1. THE Veda is the source of the sacred law, 1
2. And the tradition and practice of those who know the (Veda).
3. Transgression of the law and violence ate observed (in the case) of (those) great (men); but both are without force (as precedents) on account of the weakness of the men of later ages. 3
4. If (authorities) of equal force are conflicting, (either may be followed at) pleasure.
5. The initiation of a Brâhmana (shall ordinarily take place) in his eighth year;
6. (It may also be performed) in the ninth or fifth (years) for the fulfilment of (some particular) wish. 6
7. The number of years (is to be calculated) from conception. 7
8. That (initiation) is the second birth. 8
9. The (person) from whom he receives that (Sacrament is called) the Âkârya (teacher). 9
10. And (the same title is also bestowed) in consequence of the teaching of the Veda. 10
11. (The initiation) of a Kshatriya (shall ordinarily take place) in the eleventh (year after conception), and that of a Vaisya in the twelfth. 11
12. Up to the sixteenth year the time for the Sâvitrî of a Brâhmana has not passed, 12
13. Nor (for the initiation) of a Kshatriya up to the twentieth (year). 13
14. (And the limit for that) of a Vaisya (extends) two years beyond (the latter term).
15. The girdles (worn by students) shall be strings of Muñga grass, a bow-string, or a (wool) thread, according to the order (of the castes). 15
16. (Their upper garments shall be) skins of black-bucks, spotted deer, (or) he-goats. 16
17. Hempen or linen cloth, the (inner) bark (of trees), and woollen blankets (may be worn as low garments by students) of all (castes), 17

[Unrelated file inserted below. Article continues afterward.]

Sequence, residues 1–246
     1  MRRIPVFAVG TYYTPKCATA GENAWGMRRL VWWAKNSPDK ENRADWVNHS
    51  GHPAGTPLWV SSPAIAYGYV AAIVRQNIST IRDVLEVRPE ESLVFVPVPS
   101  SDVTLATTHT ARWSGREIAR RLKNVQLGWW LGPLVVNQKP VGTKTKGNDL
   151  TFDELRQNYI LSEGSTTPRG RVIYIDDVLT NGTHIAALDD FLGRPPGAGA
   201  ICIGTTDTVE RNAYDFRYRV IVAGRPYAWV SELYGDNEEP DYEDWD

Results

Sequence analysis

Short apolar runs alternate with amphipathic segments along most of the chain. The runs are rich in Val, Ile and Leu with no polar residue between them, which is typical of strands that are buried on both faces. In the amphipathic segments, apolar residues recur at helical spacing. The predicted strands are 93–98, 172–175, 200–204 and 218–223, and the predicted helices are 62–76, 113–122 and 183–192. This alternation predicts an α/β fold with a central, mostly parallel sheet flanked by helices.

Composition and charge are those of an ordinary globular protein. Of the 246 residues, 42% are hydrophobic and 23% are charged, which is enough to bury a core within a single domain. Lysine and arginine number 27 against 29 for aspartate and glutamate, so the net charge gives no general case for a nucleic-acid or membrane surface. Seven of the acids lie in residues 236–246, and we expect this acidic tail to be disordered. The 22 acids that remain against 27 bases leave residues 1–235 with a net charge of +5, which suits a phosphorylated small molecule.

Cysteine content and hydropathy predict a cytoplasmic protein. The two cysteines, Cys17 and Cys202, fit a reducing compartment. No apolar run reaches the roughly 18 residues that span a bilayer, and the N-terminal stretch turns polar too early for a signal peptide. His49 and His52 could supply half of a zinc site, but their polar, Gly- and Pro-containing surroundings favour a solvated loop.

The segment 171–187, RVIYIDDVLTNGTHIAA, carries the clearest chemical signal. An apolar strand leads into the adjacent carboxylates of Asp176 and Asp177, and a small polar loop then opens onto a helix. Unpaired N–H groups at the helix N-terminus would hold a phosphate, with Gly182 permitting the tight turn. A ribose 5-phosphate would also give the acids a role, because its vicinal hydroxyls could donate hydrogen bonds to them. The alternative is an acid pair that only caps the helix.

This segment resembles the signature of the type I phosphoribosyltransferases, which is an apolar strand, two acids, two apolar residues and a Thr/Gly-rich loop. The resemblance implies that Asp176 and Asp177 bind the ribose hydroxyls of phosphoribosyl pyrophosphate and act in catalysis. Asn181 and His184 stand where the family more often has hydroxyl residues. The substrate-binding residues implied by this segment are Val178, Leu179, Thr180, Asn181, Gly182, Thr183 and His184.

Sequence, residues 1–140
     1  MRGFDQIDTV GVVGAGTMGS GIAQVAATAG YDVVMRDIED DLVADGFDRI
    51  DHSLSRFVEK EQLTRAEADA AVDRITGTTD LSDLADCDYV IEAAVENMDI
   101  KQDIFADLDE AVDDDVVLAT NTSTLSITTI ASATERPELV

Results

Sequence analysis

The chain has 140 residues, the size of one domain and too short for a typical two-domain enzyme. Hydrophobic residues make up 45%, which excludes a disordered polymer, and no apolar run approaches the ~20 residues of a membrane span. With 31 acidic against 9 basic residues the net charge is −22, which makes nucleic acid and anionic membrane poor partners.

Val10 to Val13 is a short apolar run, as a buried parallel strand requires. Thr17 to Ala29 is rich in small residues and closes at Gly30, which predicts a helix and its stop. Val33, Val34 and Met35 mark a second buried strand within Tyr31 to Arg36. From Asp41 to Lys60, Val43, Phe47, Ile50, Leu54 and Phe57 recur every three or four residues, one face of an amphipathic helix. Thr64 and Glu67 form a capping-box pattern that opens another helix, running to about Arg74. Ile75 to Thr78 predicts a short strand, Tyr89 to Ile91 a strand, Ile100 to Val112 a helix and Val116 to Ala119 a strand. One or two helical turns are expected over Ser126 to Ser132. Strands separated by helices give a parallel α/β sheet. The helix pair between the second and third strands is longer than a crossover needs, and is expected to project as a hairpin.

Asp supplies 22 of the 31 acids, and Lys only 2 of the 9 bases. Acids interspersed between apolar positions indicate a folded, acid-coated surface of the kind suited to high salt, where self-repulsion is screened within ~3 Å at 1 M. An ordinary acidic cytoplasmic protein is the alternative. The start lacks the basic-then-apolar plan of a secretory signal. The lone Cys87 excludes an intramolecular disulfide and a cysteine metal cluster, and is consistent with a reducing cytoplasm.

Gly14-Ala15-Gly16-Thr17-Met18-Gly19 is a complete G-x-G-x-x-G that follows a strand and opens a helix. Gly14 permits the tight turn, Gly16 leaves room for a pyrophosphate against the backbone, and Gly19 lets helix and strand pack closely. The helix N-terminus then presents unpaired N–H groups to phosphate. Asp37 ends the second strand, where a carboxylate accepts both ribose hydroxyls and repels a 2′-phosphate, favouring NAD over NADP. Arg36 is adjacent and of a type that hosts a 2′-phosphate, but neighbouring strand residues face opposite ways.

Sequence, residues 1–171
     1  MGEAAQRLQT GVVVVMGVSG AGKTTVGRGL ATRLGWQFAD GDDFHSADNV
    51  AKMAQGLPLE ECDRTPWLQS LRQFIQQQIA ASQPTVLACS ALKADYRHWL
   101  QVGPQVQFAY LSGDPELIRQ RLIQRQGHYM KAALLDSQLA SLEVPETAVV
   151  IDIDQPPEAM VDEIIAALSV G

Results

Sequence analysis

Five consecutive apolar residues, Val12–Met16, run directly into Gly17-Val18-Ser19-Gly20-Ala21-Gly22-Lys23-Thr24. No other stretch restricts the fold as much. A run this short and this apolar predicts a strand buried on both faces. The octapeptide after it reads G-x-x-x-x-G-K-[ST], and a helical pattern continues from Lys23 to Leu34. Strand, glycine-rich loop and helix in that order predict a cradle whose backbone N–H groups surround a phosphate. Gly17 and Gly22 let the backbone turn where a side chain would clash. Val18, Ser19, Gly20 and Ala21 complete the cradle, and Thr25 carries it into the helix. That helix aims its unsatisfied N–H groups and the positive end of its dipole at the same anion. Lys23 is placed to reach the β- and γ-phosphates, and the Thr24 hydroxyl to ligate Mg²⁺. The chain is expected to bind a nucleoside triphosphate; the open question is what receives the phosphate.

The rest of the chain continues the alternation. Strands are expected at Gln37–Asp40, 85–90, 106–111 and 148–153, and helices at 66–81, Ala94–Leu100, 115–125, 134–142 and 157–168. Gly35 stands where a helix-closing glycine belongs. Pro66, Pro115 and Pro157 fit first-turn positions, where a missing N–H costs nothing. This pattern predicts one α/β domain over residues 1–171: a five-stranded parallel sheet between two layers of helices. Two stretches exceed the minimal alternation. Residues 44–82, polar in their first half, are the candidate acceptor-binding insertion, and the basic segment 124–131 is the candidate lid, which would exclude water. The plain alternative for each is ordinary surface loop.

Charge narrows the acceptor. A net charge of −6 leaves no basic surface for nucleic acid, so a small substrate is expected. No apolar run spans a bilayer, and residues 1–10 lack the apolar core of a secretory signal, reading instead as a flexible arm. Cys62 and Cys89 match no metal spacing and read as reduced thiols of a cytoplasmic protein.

18. And undyed cotton cloth.
19. Some (declare that it) even (may be dyed) red. 19
20. (In that case the garment) of a Brâhmana (shall be dyed with a red dye) produced from a tree,
21. (And those of students) of the other two (castes shall be) dyed with madder or turmeric.
22. The staff (carried by a student) of the Brâhmana (caste shall be) made of Biliva or Palâsa wood. 22
23. Staves made of Asvattha or Pîlu wood (are fit) for (students of) the remaining (two castes).
24. Or (a staff cut from a tree) that is fit to be used at a sacrifice (may be carried by students) of all (castes). 24
25. (The staves must be) unblemished, bent (at the top) like a sacrificial post, and covered by their bark. 25
26. They shall reach the crown of the head, the forehead, (or) the tip of the nose (according to the caste of the wearer). 26
27. (It is) optional (for students) to shave (their heads), to wear the hair tied in a braid, (or) to keep (merely) a lock on the crown of the head tied in a braid (shaving the other portions of the head). 27
28. If he becomes impure while holding things in his hands, he shall (purify himself) by sipping water without laying (them on the ground). 28
29. (As regards) the purification of things, (objects) made of metal must be scoured, those made of clay should be thoroughly heated by fire, those made of wood must be planed, and (cloth) made of thread should be washed. 29
30. (Objects made of) stone, jewels, shells, (or) mother-of-pearl (must be treated) like those made of metal. 30
31. (Objects made of) bone and mud (must be treated) like wood. 31
32. And scattering (earth taken from a pure spot is another method of purifying defiled) earth. 32
33. Ropes, chips (of bamboo), and leather (must be treated) like garments. 33
34. Or (objects) that have been defiled very much may be thrown away. 34
35. Turning his face to the east or to the north, he shall purify himself from personal defilement. 35
36. Seated in a pure place, placing his right arm between his knees, arranging his dress (or his 36